Growing up in El Salvador, José Hernandez wanted to be either a teacher or a pro soccer player. Today, he teaches Spanish to Harrisonburg High School students.
Hernandez moved to the U.S. from El Salvador in 2013. He originally came to Winchester to be with family, but soon moved to New York City, where he spent a month learning English. It was there when he was about 16 or 17 that several young men with whom he was playing pick-up games of soccer suggested he go to high school.
After graduating from high school in New York, Hernandez returned to Winchester in 2015. He decided to enroll at Laurel Ridge.
“The college did a great job helping me get enrolled, and offering me advice about financial aid, orientation, and academic and language classes,” he said. “Even though I had graduated from high school, my English wasn’t advanced enough to be in college classes.”
After spending nearly a year in ESL classes, Hernandez was ready to begin taking his regular college classes.
“I had the opportunity to be part of the Student Ambassadors, and that was a really good learning experience for me because I got to be open and have an open mind to get to know more things about how the college works and how to relate and have relationships with other people,” he said. “That really helped me to grow as a student and as a person.”
Hernandez also had a work-study job in the advising department.
“The moment that I got involved at Laurel Ridge, it changed my life,” he said. “My English classes were my favorite because they were the ones that challenged me the most.”
Among his favorite professors were English Professor Brent Kendrick and former English Professor Miriam Moore.
“Dr. Kendrick was one of the nicest and kindest professors,” Hernandez said. “Everyone was always excited to be in his class.”
After earning his associate degree in liberal arts in 2019, Hernandez transferred to James Madison University where he was part of the Centennial Scholars program, which offers financial and academic support to students from under-represented backgrounds. Hernandez also received the Stephen E. and Karen S. Wisecarver Endowed Scholarship from the Laurel Ridge Foundation. Established by two retired Laurel Ridge employees, the scholarship is designed to support a recent Laurel Ridge graduate, and preference is given to those pursuing a career in education.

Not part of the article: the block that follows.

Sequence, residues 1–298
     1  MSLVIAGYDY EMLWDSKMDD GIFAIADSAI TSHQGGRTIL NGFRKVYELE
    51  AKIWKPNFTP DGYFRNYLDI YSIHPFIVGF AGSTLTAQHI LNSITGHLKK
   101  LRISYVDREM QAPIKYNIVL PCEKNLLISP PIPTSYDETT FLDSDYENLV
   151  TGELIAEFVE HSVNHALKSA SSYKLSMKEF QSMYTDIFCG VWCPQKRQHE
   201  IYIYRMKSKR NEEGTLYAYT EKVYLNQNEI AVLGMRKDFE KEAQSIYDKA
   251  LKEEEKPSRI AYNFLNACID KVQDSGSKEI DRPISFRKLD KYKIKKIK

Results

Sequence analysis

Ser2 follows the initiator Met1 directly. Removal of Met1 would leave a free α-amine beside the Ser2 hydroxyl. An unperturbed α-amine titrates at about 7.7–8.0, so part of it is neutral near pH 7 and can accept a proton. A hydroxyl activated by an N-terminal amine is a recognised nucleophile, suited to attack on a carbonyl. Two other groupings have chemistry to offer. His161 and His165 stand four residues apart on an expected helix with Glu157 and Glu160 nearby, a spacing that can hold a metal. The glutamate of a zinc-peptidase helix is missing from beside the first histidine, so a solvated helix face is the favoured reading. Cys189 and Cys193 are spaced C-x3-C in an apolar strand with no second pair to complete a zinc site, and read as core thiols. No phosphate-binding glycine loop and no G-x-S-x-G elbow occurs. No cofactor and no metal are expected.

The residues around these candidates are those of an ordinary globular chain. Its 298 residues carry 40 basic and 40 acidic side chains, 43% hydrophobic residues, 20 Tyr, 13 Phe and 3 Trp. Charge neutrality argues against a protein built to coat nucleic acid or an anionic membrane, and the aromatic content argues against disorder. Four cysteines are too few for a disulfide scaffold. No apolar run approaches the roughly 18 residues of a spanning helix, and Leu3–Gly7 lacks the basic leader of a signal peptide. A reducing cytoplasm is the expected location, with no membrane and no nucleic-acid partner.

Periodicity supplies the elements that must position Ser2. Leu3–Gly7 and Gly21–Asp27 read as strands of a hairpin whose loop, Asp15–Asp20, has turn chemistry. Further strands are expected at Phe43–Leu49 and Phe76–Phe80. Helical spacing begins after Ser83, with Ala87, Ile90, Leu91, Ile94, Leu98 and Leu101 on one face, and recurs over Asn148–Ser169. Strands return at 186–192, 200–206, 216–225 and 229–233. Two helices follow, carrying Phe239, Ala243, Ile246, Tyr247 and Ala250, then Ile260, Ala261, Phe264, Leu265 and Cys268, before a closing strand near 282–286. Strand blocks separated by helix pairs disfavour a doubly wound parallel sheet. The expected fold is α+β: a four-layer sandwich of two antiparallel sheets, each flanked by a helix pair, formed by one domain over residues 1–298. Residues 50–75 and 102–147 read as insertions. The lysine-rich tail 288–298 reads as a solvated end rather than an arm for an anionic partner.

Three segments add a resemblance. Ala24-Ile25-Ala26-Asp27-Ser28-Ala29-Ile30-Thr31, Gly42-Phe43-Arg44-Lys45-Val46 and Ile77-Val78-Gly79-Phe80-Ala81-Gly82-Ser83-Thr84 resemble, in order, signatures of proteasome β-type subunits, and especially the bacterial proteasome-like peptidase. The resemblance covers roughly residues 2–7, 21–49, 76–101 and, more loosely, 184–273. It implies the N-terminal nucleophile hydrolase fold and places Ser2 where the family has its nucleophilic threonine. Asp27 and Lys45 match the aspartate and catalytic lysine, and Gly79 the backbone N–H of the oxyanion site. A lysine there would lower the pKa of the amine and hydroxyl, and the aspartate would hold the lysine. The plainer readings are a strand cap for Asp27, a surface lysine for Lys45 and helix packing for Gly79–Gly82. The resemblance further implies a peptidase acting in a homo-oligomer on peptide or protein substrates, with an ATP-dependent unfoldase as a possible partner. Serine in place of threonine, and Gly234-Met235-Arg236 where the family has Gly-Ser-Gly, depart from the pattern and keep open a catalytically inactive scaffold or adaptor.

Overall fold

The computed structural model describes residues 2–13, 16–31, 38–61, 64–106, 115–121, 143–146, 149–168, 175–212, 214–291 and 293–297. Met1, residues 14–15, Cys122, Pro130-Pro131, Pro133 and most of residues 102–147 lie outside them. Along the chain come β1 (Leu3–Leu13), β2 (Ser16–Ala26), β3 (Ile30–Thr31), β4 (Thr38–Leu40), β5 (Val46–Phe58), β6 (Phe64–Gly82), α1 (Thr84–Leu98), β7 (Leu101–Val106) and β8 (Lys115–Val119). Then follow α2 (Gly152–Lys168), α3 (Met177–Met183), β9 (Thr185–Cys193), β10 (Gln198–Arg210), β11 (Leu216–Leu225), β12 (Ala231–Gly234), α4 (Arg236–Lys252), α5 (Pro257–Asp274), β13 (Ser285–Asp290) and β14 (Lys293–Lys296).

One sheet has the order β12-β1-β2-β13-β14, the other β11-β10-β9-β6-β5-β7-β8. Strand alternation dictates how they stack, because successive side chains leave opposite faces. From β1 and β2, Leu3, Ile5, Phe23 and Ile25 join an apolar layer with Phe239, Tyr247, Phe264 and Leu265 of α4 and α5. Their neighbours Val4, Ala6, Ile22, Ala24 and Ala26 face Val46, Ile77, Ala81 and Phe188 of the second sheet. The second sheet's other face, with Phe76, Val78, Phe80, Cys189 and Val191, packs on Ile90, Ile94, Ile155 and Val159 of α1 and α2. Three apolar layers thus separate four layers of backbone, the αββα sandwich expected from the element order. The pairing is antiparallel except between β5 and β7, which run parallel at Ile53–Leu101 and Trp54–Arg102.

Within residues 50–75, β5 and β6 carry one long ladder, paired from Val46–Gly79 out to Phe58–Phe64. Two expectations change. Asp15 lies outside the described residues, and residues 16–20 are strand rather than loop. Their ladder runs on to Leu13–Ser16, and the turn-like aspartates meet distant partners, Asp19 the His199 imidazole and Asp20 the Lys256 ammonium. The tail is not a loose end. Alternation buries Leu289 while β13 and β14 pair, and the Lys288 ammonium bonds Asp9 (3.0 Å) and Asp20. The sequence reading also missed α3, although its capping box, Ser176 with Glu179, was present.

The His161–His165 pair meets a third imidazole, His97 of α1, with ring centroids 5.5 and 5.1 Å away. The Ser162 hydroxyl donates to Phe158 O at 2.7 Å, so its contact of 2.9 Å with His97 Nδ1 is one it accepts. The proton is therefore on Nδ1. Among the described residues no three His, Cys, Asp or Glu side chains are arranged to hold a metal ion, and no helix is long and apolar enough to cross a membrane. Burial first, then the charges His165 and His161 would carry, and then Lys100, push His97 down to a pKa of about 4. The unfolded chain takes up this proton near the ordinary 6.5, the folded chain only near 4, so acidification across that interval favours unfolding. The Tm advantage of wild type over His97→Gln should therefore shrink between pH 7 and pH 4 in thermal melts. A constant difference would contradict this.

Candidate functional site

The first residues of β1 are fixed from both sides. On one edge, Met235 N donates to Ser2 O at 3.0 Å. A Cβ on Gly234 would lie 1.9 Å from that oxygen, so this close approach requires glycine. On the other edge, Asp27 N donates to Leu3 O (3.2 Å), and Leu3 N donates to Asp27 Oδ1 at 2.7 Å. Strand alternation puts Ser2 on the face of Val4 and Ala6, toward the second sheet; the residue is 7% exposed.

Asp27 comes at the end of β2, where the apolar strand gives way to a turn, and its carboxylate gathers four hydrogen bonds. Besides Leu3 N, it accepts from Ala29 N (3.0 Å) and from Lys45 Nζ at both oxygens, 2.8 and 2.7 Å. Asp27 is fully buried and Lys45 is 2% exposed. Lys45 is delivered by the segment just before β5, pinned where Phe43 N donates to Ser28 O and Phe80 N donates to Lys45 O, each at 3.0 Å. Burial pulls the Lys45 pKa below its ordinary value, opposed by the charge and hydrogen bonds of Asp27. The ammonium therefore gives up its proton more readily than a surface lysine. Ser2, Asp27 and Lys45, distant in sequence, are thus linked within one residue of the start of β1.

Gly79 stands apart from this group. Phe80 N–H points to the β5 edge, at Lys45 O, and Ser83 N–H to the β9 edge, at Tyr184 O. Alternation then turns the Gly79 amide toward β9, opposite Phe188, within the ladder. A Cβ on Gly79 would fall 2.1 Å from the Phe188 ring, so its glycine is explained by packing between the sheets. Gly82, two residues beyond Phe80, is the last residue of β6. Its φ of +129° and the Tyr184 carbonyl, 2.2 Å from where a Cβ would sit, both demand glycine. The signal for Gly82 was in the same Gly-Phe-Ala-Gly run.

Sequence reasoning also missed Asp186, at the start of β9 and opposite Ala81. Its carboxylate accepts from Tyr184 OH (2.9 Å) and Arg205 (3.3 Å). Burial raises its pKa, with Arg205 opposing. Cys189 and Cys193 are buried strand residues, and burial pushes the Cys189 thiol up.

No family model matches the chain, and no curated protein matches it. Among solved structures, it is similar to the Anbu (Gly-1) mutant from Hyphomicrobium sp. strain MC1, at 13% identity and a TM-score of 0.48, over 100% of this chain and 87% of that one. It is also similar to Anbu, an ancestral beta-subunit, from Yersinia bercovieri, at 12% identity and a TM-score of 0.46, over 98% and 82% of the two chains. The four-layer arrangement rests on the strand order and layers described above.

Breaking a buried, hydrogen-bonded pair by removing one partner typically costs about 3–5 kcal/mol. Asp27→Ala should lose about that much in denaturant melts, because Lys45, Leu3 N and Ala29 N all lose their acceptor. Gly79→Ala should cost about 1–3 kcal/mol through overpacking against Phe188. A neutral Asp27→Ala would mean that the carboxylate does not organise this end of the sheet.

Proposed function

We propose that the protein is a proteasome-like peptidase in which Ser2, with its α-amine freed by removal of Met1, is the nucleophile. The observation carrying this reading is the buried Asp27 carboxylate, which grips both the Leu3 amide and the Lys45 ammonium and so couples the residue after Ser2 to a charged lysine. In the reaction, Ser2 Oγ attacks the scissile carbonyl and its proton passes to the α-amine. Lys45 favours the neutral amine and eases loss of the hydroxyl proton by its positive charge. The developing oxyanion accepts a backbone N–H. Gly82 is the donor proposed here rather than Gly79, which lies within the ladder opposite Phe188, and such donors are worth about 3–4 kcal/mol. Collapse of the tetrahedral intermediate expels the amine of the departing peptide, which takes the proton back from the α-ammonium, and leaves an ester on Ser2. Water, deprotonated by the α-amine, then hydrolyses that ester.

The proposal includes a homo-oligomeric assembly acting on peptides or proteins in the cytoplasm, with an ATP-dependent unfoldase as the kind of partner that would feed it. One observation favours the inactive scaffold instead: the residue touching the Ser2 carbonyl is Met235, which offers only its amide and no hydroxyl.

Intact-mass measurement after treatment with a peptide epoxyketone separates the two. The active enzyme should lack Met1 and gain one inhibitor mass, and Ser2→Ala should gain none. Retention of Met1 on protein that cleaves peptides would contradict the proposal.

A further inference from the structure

Even at JMU, Hernandez could still turn to Laurel Ridge for help. Career coach and advisor Natasha Price tutored him last year as he prepared for state testing in English literacy.
“I thoroughly enjoyed working with him because his work ethic is amazing,” Price said.
In December 2021, Hernandez graduated from JMU with his bachelor’s degree in Spanish and a license to teach Spanish to students in grades 6-12. He started teaching Spanish at Harrisonburg High School in January.
“It’s very nice because I love teaching,” Hernandez said. “That’s my passion. I’m very proud to go every day and just see the smile and the curiosity of my students. When I was in El Salvador, I had either wanted to be a teacher or a professional soccer player.”
Hernandez will become a student once again this fall when he begins his master’s degree in foreign languages, cultures and literatures with a concentration in Hispanic studies at Virginia Tech. While that means he won’t be teaching at Harrisonburg High School after this spring, he has accepted a graduate teaching assistantship at Virginia Tech.
“No matter where you are from, no matter what language you speak, I think that here in the United States, as well as the college and the university, if there’s resilience and persistence from the students, there’s also going to be a dream for them,” Hernandez said. “I think every student needs to know that there’s always going to be a dream for them at Laurel Ridge. They just need to look for those doors and not give up.”
Laurel Ridge Community College was known as Lord Fairfax Community College until June 2022. For consistency purposes, the college will be referenced as Laurel Ridge going forward.